Newspaper Page Text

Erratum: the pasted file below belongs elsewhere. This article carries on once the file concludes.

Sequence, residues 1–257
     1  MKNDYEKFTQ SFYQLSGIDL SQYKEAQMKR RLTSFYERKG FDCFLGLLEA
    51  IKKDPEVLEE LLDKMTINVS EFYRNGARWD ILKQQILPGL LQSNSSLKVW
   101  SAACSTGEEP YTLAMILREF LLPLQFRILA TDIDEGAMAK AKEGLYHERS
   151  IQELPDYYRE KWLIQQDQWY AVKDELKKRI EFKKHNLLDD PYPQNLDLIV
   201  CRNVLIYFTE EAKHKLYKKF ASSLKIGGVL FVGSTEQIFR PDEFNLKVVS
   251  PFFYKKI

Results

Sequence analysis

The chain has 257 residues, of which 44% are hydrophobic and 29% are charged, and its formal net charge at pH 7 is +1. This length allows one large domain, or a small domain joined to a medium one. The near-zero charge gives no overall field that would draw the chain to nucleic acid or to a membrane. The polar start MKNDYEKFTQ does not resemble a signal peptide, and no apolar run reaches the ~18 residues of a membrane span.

EIGHT FOR MONOPOLY, FOUR FOR THE PEOPLE Scandalous Betrayal of Public Interests by Supervisors. FRANCHISE GIVEN AWAY The Soiid Eight Concedes Not a Single Point in Favor of the City. JEEKED BY THE GALLERY. A Seance Not Soon to Be Forgotten in the History of Local Legislation. What there is to tell this morning about the granting to the Market-street Railway Company by the Board of Supervisors of a franchise to run out to the new racetrack, over Ocean House road and Sunnyside avenue, is wholly descriptive. "What they did was told by The Caix of Bundav morning under a heading of "What They "Will Do." But they did it with "a vengeance" that could hardly liave been anticipated, even with the record they had established. No, there is this to be said in addition— Alphonse Hirsch voted straight along for monopoly and against the people's inter ests with the delinquent seven. It will be remembered that The Call held Mr. Hirshe's case open for him. For nearly two hours yesterday after noon Supervisor Taylor stood in the breach between the Solid Eight and the sale of the people's rights which they had deter mined upon, endeavoring first to induce them to stop and reconsider; then, seeing there was no hope of tnis. to gain some concession for justice. To every proposi tion he made he had the hearty support of three other members and the opposition of the Solid Eight. Not a single point did they yield, but, step by step, they beat down every issue raised and finished by handing to the Market -street Railway Company the franchise in the form that that company had itself prepared and pre sented. No such complete surrender to the cor porations has been witnessed in the board Bince the days of Christopher Buckley's Solid Nine. That great interest was felt in the day's ~^ork was evidenced by the throng that l>lled the lobby and the gallery and over flowed into every available space in the Supervisors' room, occupied by the more privileged. Behrend Joost was there to see his competitor fed with the sugar plums he had prepared for himself. His enemies were there to smile at his defeat, but before they got through with the seance the smile upon many of their faces had faded and they were asking themselves whether, after all, it was such a laugning matter. Thi3 was the case with those who in opposing Joost thought they were leav ing the way open for a better road — the Market-street Company's road. When they discovered— as they did— that in killing the San Mateo road's franchise out Sunnyside avenue they were killing all hope of a road being built there for many years, and that the majority of the Supervisors were openly assenting to the job, the humor of the situation became a very ghastly effort. When Assistant Clerk Farquharson had finished reading the order granting the franchise as prepared by the Market-street Railway Company Supervisor Hughes moved its immediate adoption. It con tained the provision recommended by the Street Committee that the line out Ocean House road to Ingleside be completed within ninety days. Supervisor Wagner moved that this pro vision be amended to read 180 days. He said the rails could not be got on the ground and the work even started in ninety days. Mayor Sutro called upon the board to go slow with regard to the matter in any shape. "This is a very important busi ness," be said, "and careful consideration should be given it before any action is taken. The people of San Francisco are greatly interested in grants of this magni tude. If you postpone all action for at ieast a week you will be acting wisely." Supervisor Taylor said he intended to offer a substitute which would necessarily bring up the matter of postponement. Then the question on Wagner's motion was put. Supervisor Dimond asked to be excused from voting. Supervisors Spreck els and Hobbs voted against the extension of time and the others voted for it. Then Taylor offered his substitute and The Smoke of the World===the famous Captain Marryat Ci= gars, the finest on the Co a s t===once smoked, always smoked. HARBURGER, HOMAN & CO., New York, Makers. H. LEV! & CO., 117-no Market Street, Distributing Agents. asked that it be read. It set forth that the City had no right under the law to grant a franchise which was directly in the inter ests of any one corporation, and provided that it should be open for the bids of both the companies. He moved its adoption and Spreckels seconded. "I am under the impression," said Mr. Taylor, speaking to his motion, "that the Street Committee, which has recommended the grant to the Market-street Company, has not given this matter the considera tion which it should have. Here are two companies bidding for this franchise. One is completely ignored. "There are two routes to a given point. One of these companies is particularly de sirous to cover one of these routes, but both of them are to be given to the other company, and the one company, as I say, is ignored entirely. Now, I have sought legal advice as to this, and learn that it is directly contrary to the law to do this thing. It should be open to competition, and this substitute makes it so. There should at least be an even chance. Then, again, the $500 which the other franchise stipulates as the minimum bid is too tri fling for such a magnificent privilege. My substitute fixes the minimum bid at $2000. It really should be $5000, but since the City ! has hitherto given railroads away, I thought we might compromise on $2000 — but $500 is ridiculous. Now, I bespeak for this matter respectful and decent consider ation, and move that the whole matter be referred back to the Street Committee— both of these resolutions." • Supervisor Hobbs seconded the motion. There was no apparent disposition to dis cuss the matter, and the roll was called. These eight men voted against the substi tute; against referring to the Street Com mittee; against any further delay: Joseph King. Peter A. Scully. <'. I". Benjamin. Alphonse Hlrsch. E. G. Hughes. Chris Dunker. A. W. Morgenstern. 1,. Wagner. These four voted for the substitute, throwing the matter open to competition, or for referring it all back to the Street Committee for further consideration: Joseph I. Diiuond. C. L. Taylor. A. B. Spreckels. J. K. C. Hobbs. Now the question returned npon the adoption of the original order granting the franchise to the Market-street company. .Thus far the members of the solid eight had not seen fit to say a word in its behalf— i not deeming it necessary. Taylor, having seen his work upon the substitute — an elaborately prepared order — all thrown away, now rose in evident disgust to talk to the pending question. "This issue has been forced upon us, Mr. President," he said. "Here is an order presented to us by the Street Committee, not all of whom are agreed to it. It ap pears, however, that the majority are in favor of handing over this valuable privi ! lege to the Southern Pacific Company, : whose collar this City and County has i worn for twenty-five years. I personally ! have felt the weight of it, being threatened j with its wrath to the disadvantage of my business if I did not do thus and so as it wished. The people are becoming fretful under these conditions. "Now, the San Francisco and San Mateo Railway Company is being discrimated against in favor of this company and in spite of the law against it. The $500 for which it is proposed to sell this valuable franchise is a pitiful consideration. I was really ashamed of the $2000 fixed in my substitute, but the vote that has just been taken indicates to me how the thing is drifting, and I can only protest against it and say that I regret it exceedingly. The Southern Pacific Company owns all the most valuable streetcar lines in the City, and is going to be given all the outlets to it. It should be paying a big revenue to the City. The San Mateo Company pays 2 per cent of its gross earnings — the Market street Company pays nothing. Now, it seems that the only roads that pay some thing to the City are to be shut out of busi ness; those that pay nothing are given everything. They are to gain complete control and make us suffer for it. There seems to be no hope for the people." "I attended all the meetings of the Street Committee when they had this under con sideration," said Supervisor Wagner, "and 1 heard so much complaint against the San Mateo road that I will always vote against it for anything it wants. It don't fulfill its promises." "It is a ramshackle concern," said Super visor Benjamin. "It wanted to cet to the racetrack through private property. We don't know whether it could get through or not. It is pretty certain the other road could not. But lam convinced the people out there don't want it and I am opposed to it." •'I know this, that the law requires that a fair field be given in this matter," said Supervisor Dimond. "And speaking of bad faith— if the Southern Pacific has ever lived up to its promises it will be news to the people of this City." This sally was greeted with a burst of applause from the crowded lobby and gal lery. Then the vote was taken, and these eight Supervisors voted to hand over the splendid franchise to the Market-street Railway Company, without contest or con sideration so far as that is possible for them to do: Joseph King. Peter A. Scully. C. K. Benjamin. Alphonae Hirsch. £. C. Hughes. Chris Hunker. A. Morgenstern. Kdtvarii L. Wagner. These four voted against the unlawful outrage : Joseph I. Dimond. C. L. Taylor. A. B. Spreckels. J. K. C. Hobbs. "Now," said Supervisor Taylor, "since it is determined that competition shall be be barred from this business I shall have to amend the orders substituting the words '$5000' for '$500' as the lowe3t bid to be accepted. "It is certainly worth much more than that. It is worth $5000 a year for the ex clusive privilege of running cars to th« racetrack, and I am sure that the Market street Company will be perfectly willing to pay the higher figure." Supervisor Hobbs seconded this motion. Supervisor Hughes inquired: "What is the law in regard to that?" Clerk Russell read the law as printed in The Call of last Sunday, providing that franchises as applied for must be adver vised for ten days and then sold twenty days later to the highest bidder. He explained that the City realized just $10 on the first franchise sold under this law. That then the Supervisors passed an order providing: that no bid for a franchise should be received for a lessi sum than $5000, and no bid for an extension of a franchise over two or more blocks for less than $.500. It was amusing to the spectators— the THE SAN FRANCISCO CALL, TUESDAY, JULY 9, 1895. eagerness of these eight Supervisors to save money for the Southern Pacific Rail road Company. The law was clear, per fectly clear, and they all rose out of their chairs at once to say that it was. The big corporation didn't have to pay out $500 ac cording to the law, and it was not for them to step outside the law in this matter — not for a minute. Even Hirsch, who never says a word about anythine, rose half-way up and cried, "two or more blocks, Mr. President, two or more blocks, it says." Of course it said two or more blocks, there was no doubt about it, and that meant that the company could extend its lines for twenty miles under a bid of $500. But when the eager flurry of the eight to keep the City from taxing the big com pany subsided, clerk John A. Russell made a remark that left these eight eager Super visors without a cloak to hide in — left them standing there under the eyes of the throng in the gallery as just plain agents of the Southern Pacific Railroad Com pany. "I should say, perhaps," said Mr. Rus sell, "that this resolution stands only to operate where no action conflicting with it is taken. It is an act of the Supervisors; the Supervisors can overrule it. It does not prevent your fixing any rate you please to this ordinance." An injection of icewater into the throb bing veins of this eager eight could not have been more effectually cooling than was this little speech. From that instant to the end of the session the easy con fidence of the lot was changed to sullen bravado. They were in for it, and now that the people were on to them, "the people be d d." That is the speech that lay in the tone of voice with which they voted down ever}' suggestion looking to a protection of the people's interests. Mayor Sutro could not let the oppor tunity pass. "It is simply a question," he said, "whether the Southern Pacific of Kentucky should not be made to pay as much for this franchise for a line of street- cars extending over a dozen miles as a private citizen of San Francisco would have to pay for it. If there is nothing further to be said the clerk will call the roll. The question is upon Mr. Taylor's motion to make the minimum bid $.3000 instead of $500. You have askea for the reading of the law. It has been read and i explained to you. There is no doubt of your right to fix it at whatever figure you please." There was an instant of complete silence. The situation admitted of no further dis cussion. The clerk began to call the roll and, as stated, in a tone of sullen defiance to public opini on, to which Joseph King, the first on the role, set the key, those eight voted "no": Joseph King. Peter A. Scully. C I . Benjamin. AlphoiiMe Hirscli. K. C. Hughes. Chris Hunker. R. TV. Morgenstern. Edward It. TVagner. These four, hopelessly in the minority, voted aye,; Joseph J. Dimondi V. L.. Taylor, A. T5. Sprerkels, J. K. c. H0!.!.-. The announcement of this vote — 8 in the affirmative. 4 in the negative — was met by a burst of derisive laughter from the crowded gallery, which the sergeant-at arms tried to check. The thing was so utterly shameless that the people could not but laugh. Mr. Taylor rose to his feet again and was awaited with perfect silence. What was to be the next move? "Mr. President," he said, "I am anxious to see if these gentlemen who vote so solidly in the railroad company's interest will concede anything at all to the City, for which it is generally supposed we are working— or were chosen by the people to work." The eight were sinking down in their seats looking solidly at the desk In front of them. "I shall move," went on Mr. Taylor, "that the words '$4000' be inserted in the place of '$500.' " Hobbs seconded this, as usual. Nobody offered a word and the clerk, at the in stance of the Mayor, called the roll. These eight in the same tone as before, a little emphasized in manner — King and Hughes a little louder, Scully, Hirsch and the others a little more quietly sullen than before — voted "no": Joseph King. Peter A. Scully. V. K. Benjamin. Alphonae Hirsch. X, G. Hughes. Sg^ Chris Dunker. A. IV. 3lorgengtern. Edward L. Wagner. These four voted as insistently and con sistently "aye": Joseph I. Dituond. C. It. Taylor. A. B. Sprockets. J. K. C. Hobbs. Again the ripple of derisive laughter from the gallery as the vote is announced and again Mr. Taylor takes the floor. "Now, Mr. President, I have another motion to make. I think it an outrage that this company should be given privi leges over all the roads leading out of this City in the direction of Ingleside, especially when there is another road applying for some one of the privileges. I find by the map that the franchise asked for three or four different routes, and I am told that they are not asking for them in good faith, but merely to keep a competitor out. It will be a long time at any rate before this company would build over all these routes, while the competing company is anxious to and I am sure will build im mediately. "For that reason the people out there want this franchise divided up. It looks like a monopoly to me, and, if any reasons can be given for permitting it, I v.'ill listen patiently to them." He moved that the franchise be amended granting the com pany only one route. Supervisor Wagner said the people of Sunnyside were opposed to the San Mateo road for the»reasons he had before stated. Supervisor Huehes said he was in favor of roads running everywhere, but he wanted good roads. The San Mateo road was a rattletrap. It ran over people's sidewalks; it didn't run on time; it didn't pay the men's wages, and he was opposed to it on these grounds. When the Market-street com pany built roads it built them well, kept the roadbed in order and gave the Street Committee no trouble. He favored it on these grounds. Then the question was put and these Supervisors voted to keep the franchise in tact and give the Market-street company all it asked: Joseph King. Peter A. Scully. C. K. Benjamin. Alphonse Hirsch. E. C. Hughes. Chris Dunkcr. A. W. Morgeuatern. Kdward L. Wagner. These voted to cut out a portion and give the opposition that promised to build its road out Sunnyaide avenue as rapidly as the Market-street company built out the road : , Joseph I. Dim oiwl. C. L, Taylor. A. B. Kpreckels. J. K. C. Hobbs. "Well, then," said Taylor, still sticking to his text, "let us see if they are in earn est about building the road. They say they can build out Ocean House road in 180 days. I move that we place such a time limit on the Sunnyside branch. The people there are very anxious to have com munication with the City. Since we have barred out the opposition let us at least require the company which we favor so much to build their road." And these eight Supervisors voted "no" : Joseph King. Peter A. Sculley. C. E. Benjamin. Alphonse Hirsch, E. C Hughes. Chris Dunker. A. W. Morgenstern. Edward 1,. Wagner. And these four voted "aye"j Joseph I. Diraond. G. L.. laylor. A. B. Sprockets. J. K. C. Hobbs. "Well, then, I move that they be required to build the Sunnyside branch in a year." And these eight voted "no": Joseph King. Peter A. Scully. C. E. Benjamin. Alphonse Hirsch. 1.. C. Hughes. Chris Dunker. A. W. Morgenstern. Edward L.. Wagner. And these four voted i: aye": Joseph I. Diiuond. C. It. Taylor. A. B. Spreckcls. J. K. C. Uobbg. "Is this all a bluff, then? We are told by members of this committee that they want the people of the outskirts to have railroads, and he insists that they shall have good ones. Let us see if there is anything more to it than bluff. I move that the time be fixed at not later than two years." '•The law fixes the time," said Hughes. "At three years," said Taylor. "Bnt that is too long to keep these people wait ing. They want to come to town and another road offers to bring them at once if it is given a chance. We all know how the Market-street Company secures fran chises and allows the time to pass to the three-year limit and then secures exten sions, so that there is no telling that they would ever secure a road — in face of the fact that here is a company that wants to build at once. Let us fix it at two years. Surely that is allowing ample time." And these eight Supervisors voted "no" : Joseph King- Peter A. Scully. C. K. Benjamin, Alphonse Hirsch. E. C. Hughes. 7 Chris 'Dunker. A. W. Morgeustern. I'd ward L.. Wagner. And these four voted "aye": Joseph I. Dlinond. C. L,. Taylor. A. It. Spreckels. J. K. C. Hi. hi.*. Taylor had finished. The crowd in the lobby shifted its weight from one foot to another — especially the Sunnyside contingent — very wearily, and more especially that part of the contingent that had been so viciously fighting Behrend Joost. They had been seeing things as through a glass— darkly. Now it was coming out — face to face. Dimond sprang to his feet. "This is the old story," he said; '"the old story of the grab game so familiar to the Southern Pacitic. It is all for the monopoly — noth ing for the people. I move that the whole matter be laid on the table." Hobbs seconded. No speeches were made. Thess ei^ht voted "no"; Joseph King. Peter A. Scully. V. K. Benjamin. Alphonse Hirsch. K. C. Hughes. Chrig Hunker. A. W. Morgenstern. Edward L. Wagner. These four voted "aye": Joseph I. Dimond. C. L. Taylor. A. B. Spreckels. J. K. C.Hobbs. This ended the skirmish. The last ditch had been reached, and the gallant four lay in it waiting to fire their last shot. "The question now is upon the adoption of the order as read." said Mayor Sutro, and as the clerk called the roll these eight Supervisors voted "aye": Joseph King. Peter A. Scully. C !■:. Benjamin. Alphonge Hiisch, I . C Hughes. Chris Dunkcr. A. W. Morgenstern. Kdivard L. Wagner. And these four voted "no": Joseph I. Dhnond. C. It. Taylor. A. B. Spreckels. J. K. C. Hobbs. The Royal Baking Powder is the greatest of the modern-time helps to perfect cook ing, and every receipt requiring a raising ingredient should enjoin its use. WANTED IN NEW YORK. £dward Schlesinger Arrested In This City on a Charge of Grand Larceny. Chief Crowley received a dispatch yester day from acting Chief of Police Peter Con lin of New York giving a description of Edward Schlesinger and asking that he be arrested, as he was wanted for grand lar ceny. The dispatch was handed to Detective Byram last evening and in less than an hour he had Schlesinger under arrest. He saw a man answering his description lean ing up against the White House, on Kearny street, smoking a cigar and watch ing the people passing by. Byram accosted him and he admitted he was the man wanted. He was taken to the City Prison en route to New York. He asked permis sion to see some friends and it was ac corded him. Captain Lees sent a dispatch last night notifying acting Chief Conlin of Schlesin ger's arrest, ana asking lor particulars of the charge. Up to hve years ago Schlesinger had a misfit clothing-store on Grant avenue, near Market street. He sold out and went to New York, where he started a similar business, but failed about two years ago. From what Captain Lees cbuld gather Scblesinger had been playing the races, and probably that had led to the charge of grand larceny, but he expects to have full particulars to-day. A Family Jar. GREAT AMERICAN IMPORTING TEA CO.'S Stores are selling MASON FRUIT JARS At greatly reduced prices. 1 dozen jars, pints, in box 60c 1 dozen jars, quarts. In box 60c 1 dozen jars, half gallons, in box 80c Inspect our Improved Jelly Glasses, 35c per doz. ; Ice Cream and Berry Rets of 7 pieces. 26c, 35c and 60c per set. Our prices for Teas and Coffees the lowest. Buying directly from us saves middle men's and peddler's profits. A dividend of 15J4 per cent was paid last year by the French Nord Railroad, prob ably the most profitable railroad in Europe. Its net revenue for 1894 was f 18, --856,265 on an outlay of capital of $302,804, --540. It works 2311% miles of road. POET OF THE SOUTH SEA Return of Charles Warren Stoddard to His Old Home. ON HIS SUMMER VACATION. A Dinner In His Honor to Be Given at the Bohemian Club Next Friday Evening. Charles Warren Stoddard, professor of English literature in the CatholicJ Uni versity of America, "Washington, D. C, ar rived in this City yesterday, and was wel comed by relatives and old-time compan ions. The first weeks of his summer vaca tion this > ear were passed at the delightful home of Rudyard Ivipling, in New Hamp shire. This is his first visit to California in many 3 r ears. Two years ago he traveled as far west as Chicago, and at the World's Fair met many Californians. to whom he expressed the greatest desire to visit San Francisco. The poet enjoyed the trip across the continent, but was worried with the long journey. During his vacation in this State ,he will pay a visit to some of the CHARLES WARREN STODDARD. [Sketched for "The Call" by Artist Strong.] old missions, of which he still entertains the fondest recollections. At one time the poet was almost enthused on the subject of becoming a monk and passing the rest of his life in a famous mission. His agree able duties at the Washington University have somewhat changed his views and now his career as a college professor is re garded by himself as permanent. A dinner at the Bohemian Club next Friday evening will, if the announcement be carried out, welcome him back to Bohemia. It should be a great evening for the poets and ought to assemble a large number of otner Bohemians. Mr. Stod dard began his literary career in Oakland and gave such promise that his friends encouraged him to adopt literature as a profession. He traveled extensively in Europe and the Holy Land in 1874 and 1875, and sub sequently made a prolonged voyage to the isles of the South Seas. The record of his voyages and his visits to Hawaii, Tahiti and far-away islands of the South Pacific was responsible for hia best and most poetic work. On his return to San Francisco he did more or less daily newspaper work, and manifested an inclination to loiter in art stadios and make sketching excursions in company with artists. One of his favorite artists is Joseph D. Strong, who in Munich painted Stoddard as a monk. The portrait hangs in the Boheniian Club. Mr. Strong and Park Commissioner Austin welcomed Mr. Stoddard to San Francisco yesterday. At Betsy B's delightful salon at the Palace Hotel Charles Warren Stoddard was always a welcome guest. Together with Julian Rix, Fred Somers, J. D. Strong. Mr. and Mrs. Tippett, Jerome Hart and others many enchanting even ings were passed. BUDD'S BOARD OF HEALTH. All the Appointments Are Made, but the Names Are Withheld. The Members to Be Banqueted This Evening at the Heights by the Mayor. The four members of the Board of Health were appointed by Governor Budd last night, but their names are not to be whis pered into the public ear until this evening. The Governor has been besieged for months past by friends of the candidates, and in the last ten days his gubernatorial ear has simply buzzed with praises for physicians. Last Saturday afternoon the chief execu tive was in a quandary. He had two doctors named, but to whom he was going to Rive the other two positions was a puzzler. He took Mayor Sutro into his confidence, but apparently with no better result. After a short conference the Mayor went away and the Governor was still in doubt. Last night he and President Colnon went out to Sutro Heights, far from the mad dening crowd, and the Mayor and the Governor thought and thought and thought. In the afternoon the two gentle men met at the Harbor Commissioners' office and it was then thought that every thing was fixed. Governor Budd was asked for the names of the board, but he said that he could not state the names just then, as he' had not seen Drs. Morse and "Williamson, and he would not appoint any one unless he was entirely satisfactory to both those gentlemen. Later on he had a consultation with Drs. Morse aud Wil liamson, but even then he said that his lips were sealed. Mayor Sutro had invited him out to the Heights and there in the solitude of the cliffs and amid the slumbering seals the names of the board were to be spoken out right. •'1 want a little more time to think," said Mayor Sutro. "We will be ready to name the board at 11 o'clock to-night, at which time i will telephone the news to the newspapers.'' But the Mayor did not keep his word. Another chance had been made in the programme. The Mayor desired to inform the lucky, aspirants" before letting the public into his confidence. The entire board will dine with him and the Gover nor at the Heights to-night and then will be presented with their appointments. Dr. Gerald Fitzgibbon has been named as the third member, and Governor Budd last night would not deny that thft was so. He would not affirm it either. Dr. John F. Morse, who has iust become a member of the new Board of Health, was born in Sacramento September 12, 1857, and is consequently just 38 years old. Though youne in years he is a giant in the medical world and has come to be regarded as one of the most eminent surgeons on the Pacific Coast. He comes by his love of the science of medicine and surgery honestly, his father having been a prominent physician of Sacramento. At the age of 21 he gradu ated from the Medical College of the Pacific and was regarded an one of the most brilliant students of the year. For not quite twelve months he practiced his profession and in the fall of 1879 went to Germany. He continued his studies at the Friedrich Wilhelm University, graduat ing from that institution in 1832. Dr. Morse returned to San Francisco the same year, and in 1883 was appointed sur geon to the German Hospital. For live years during the regime of Dr. W. A. Douglas he was a visiting physician at the City and County Hospital. At different times he has been president of the San Francisco Medical Society and Academy of Medicine. Dr. Morse is a physician of very pro nounced views, and at times has not been in good favor with the old-time physi cians on account of his scientific ideas and independence. Dr. J. M. Williamson is a Native Son and is proud of it. He was born at Valleio in IS6I. In ISSS he graduated from the medical department of the University of California, and was at once recognized as a young Eihysitian of much brilliancy and promise, 'or a year succeeding his graduation he held the important post of resident physi cian of the City and County Hospital. Dr. Williamson has been practicing just ten years, yet so successful has he been that he is to-day regarded as one of the most promising physicians on the coast. At present he is professor of anatomy in the medical department of the University of California, and holds the same chair in the CoJlege of Dentistry of the University. He is Secretary of the California Academy of Medicine, and a member of the State Board of Medical Examiners. LOOKING FOfl THE MINOR PLACES. Candidates for Subordinate Positions in the Gift of the Board of Health. The town last evening had very much the appearance it takes on before the as sembling of a political convention. Demo cratic politicians were very much in evi dence all the way from the Popper-Iroqiiois headquarters at the Baldwin down Market street and along Kearny to the corridors of the California Hotel. There were meet ings and caucuses on the streets, in the lobbies and in saloons. The candidates ior the fat offices in the gift of the new Board of Health are numberless, but never were politicians more at sea as to what in fluences are most apt to prevail. Owing to Dr. Levinsjston's energetic fight for the place of Health Officer few candidates have sprung up for that office. Now that he is said to be out of the way the most likely candidate is claimed by the knowing ones to be Dr. Arthur fc>. Lovelace, who was formerly a partner of Dr. Morsfc, the new member of the board. Then Dr. Mizner is said to be under con sideration. He, it is said, will get some place, anyway. For Quarantine Officer Dr. John S. Potts, formerly of San Jose, has the active back ing of Barney Murphy and is said to be a very efficient man. There are a number of * other candidates, of course. The smaller the offices, it seems, the greater the number of aspirants. Dr. Barcer hopes to get back into his old position at the City and County Hospital now held by Dr. Titus. The candidates for Police Surgeon and assistants are simply legion and include most of the graduates of the Toland Med cal College for the past two or three years. The Toland faction among the doctors will probably be in the majority on the Board of Health. What effecf this will have cannot be said. It is claimed that the Governor will insist that there be no prefer ence shown to either college. Dr. Berry, now Assistant Police Surgeon, is a leading candidate for the place of his chief, with very strong political backing; He is a nephew of Sub-Treasurer Campbell P. Berry. His friends claim that he has the fight won. Dr. Rottanzi is making a strong fight for the place. For assistant police surgeons, among the most active candidates are Dr. Howard Thompson Jr., son of G. Howard Thomp son of the Bank of California, and Dr. Harry Gossage. J. J. Dwyer has made an active fight for the position of secretary of the board for his brother Jerry, and as lie stands well with the Goveftior is in a good position to win. £x-Assemblyman Godchaux has strong backing for the same place. Ed Reddy, brother of Pat Reddy, is a leading candidate for the superintendence' of the Almshouse; but it is thought that Mayor Sutro's friendship for Weaver may secure his retention. James Fenton. formerly head keeper in Sheriff MeDade's office, 'for the desirable office of steward of the City and County Hospital is said to have the inside track, as has John Foley, ex-superintendent of the House of Correction, for market in spector. Among the other leading candidates are ex-Senator P. J. Murphy for assistant secretary of the board, ex-Senator W. Wil liams for superintendent of the City Ceme tery, Captain Edwards of the Iroquois Club for captain of the quarantine vessel and ex-Senator Sullivan for plumbing in spector. It is said that the Governor will recom mend that the board refuse to recognize either of the political factions and choose the men for their individual fitness and party service. The Secret is Out. The first and only essential to consider in saltwater swimming or tub bathing is purity of water. This is why the tank of the Crystal Baths is refilled with a new supply of sea water every night. SMUGGLER M'LEAN AGAIN " Mrs. Lodge" Supposed to Be the Chief of the Old Opium Gang. TWO CLAIMS FOR THE REWARD The Informer's Fee Will Not Be Paid Until the Investigation Has Been Held. There was a mild sensation sprung in the United States District Court yesterday morning. It was in connection with the Emerald smuggling gang, most of whom are now serving time in San Quentin. The leader of the smugglers was never caught, and he is now supposed to be in Victoria, B. C. W. A. McLean is the man, and Col lector "Wise would be delighted to see him behind the bars. About a year ago the Emerald people sent a quantity of opium down from Puget Sound on the steamer Queen. Mrs. Isa bella Lodge of Victoria, B. C. sent infor mation to the Custom-house officials that the drug was on the vessel, but she did not know where it was located. That particu lar information was given by Mrs. Louis Greenwald, whose husband was serving his sentence at the time for complicity in the smuggling trips of the Emerald. Since that time the opium has been sold and the informer's fee is now ready for either of the women who can prove her right to it. Mrs. Lodge claims it on the ground that she gave the first information, but Mrs. Greenwald, through her attorney, asserts that the opium would never have been found had it not been for her. Matters stood thus yesterday when the case was called for argument before Judge Morrow. The Government started the proceedings by asking for a continuance of four weeks in order to investigate certain matters. The continuance was eranted, and it then came out wbv the delay was necessary. Mrs. Isabella Lodge is said to be no other than W. A. McLean, the smug gler. He did not like the arrangements made for the landing and sale of the drug in San Francisco, and thinking that a bird in the hand was worth two in the bush he turned informer on his comrades in the hope of getting the informer's reward. During the four weeks granted by Judge Morrow Special Agent of the Treasury Moore will send a deputy to British Co lumbia to investigate the matter, and should it be proven that Mrs. Lodge is McLean that enterprising gentleman will not get a cent, as the Government is not likely to pay a reward to a man indicted, for defrauding the revenue. "Both Treasury Agent Moore and my self have information that Mrs. Isabella Lodge and W. A. McLean are one and the same person," said Attorney L. D. Rior dan yesterday. "As soon as the opium was shipped he wired to Collector Wise under the name of Mrs. Lodge. He dare not use his own name because he knew no informer's share of the money would ever be paid to him. If the facts are as we think they are Mrs. Greenwald will get the entire reward." McLean was a partner with the notorio'.is Whaley in all his smuggling ventures in which the yacht Halcyon figured so promi nently. As he tried to overreach his com panions in this instance so Whaley got the better of them all in the last venture in which they were partners. They put sev eral tons of the drug on the Halcyon and Whaley successfully landed it in Hawaii, clearing up nearly a quarter of a million on the transaction. Some of the money he spent in Honolulu and then he went to Yokohama. From that day to this he has never been heard from and McLean and the rest of them never saw a cent of their money. Women of Frisco and Suburbs (Only)! Those of you who have not yet been here — what say you to paying $1.50 to $3.50 for your Shoes (from good to finest) instead of from $2.50 to $6 and $7 ? Big Shoe Factory Retailing at Factory Prices. ROSENTHAL, FEDER & CO., 581-583 MARKET ST., NEAR SECOND. GO TO THE " NEW LOUVRE," 8 to 14 O'Farrell Street. TITE HAVE REMOVED THE "LOUVRE" »» from the old basement und^r the Ptaelan building, and now occupy the finest quarters above ground in the city. RUDOLPH HAGEN. FELIX EISELE, Prop's. THIS WEEK ONLY! 500 CAPES, 200 SILK WAIST3, AT HALF-PRICE. 40-43 GEARY STREET, Corner Grant Avenue.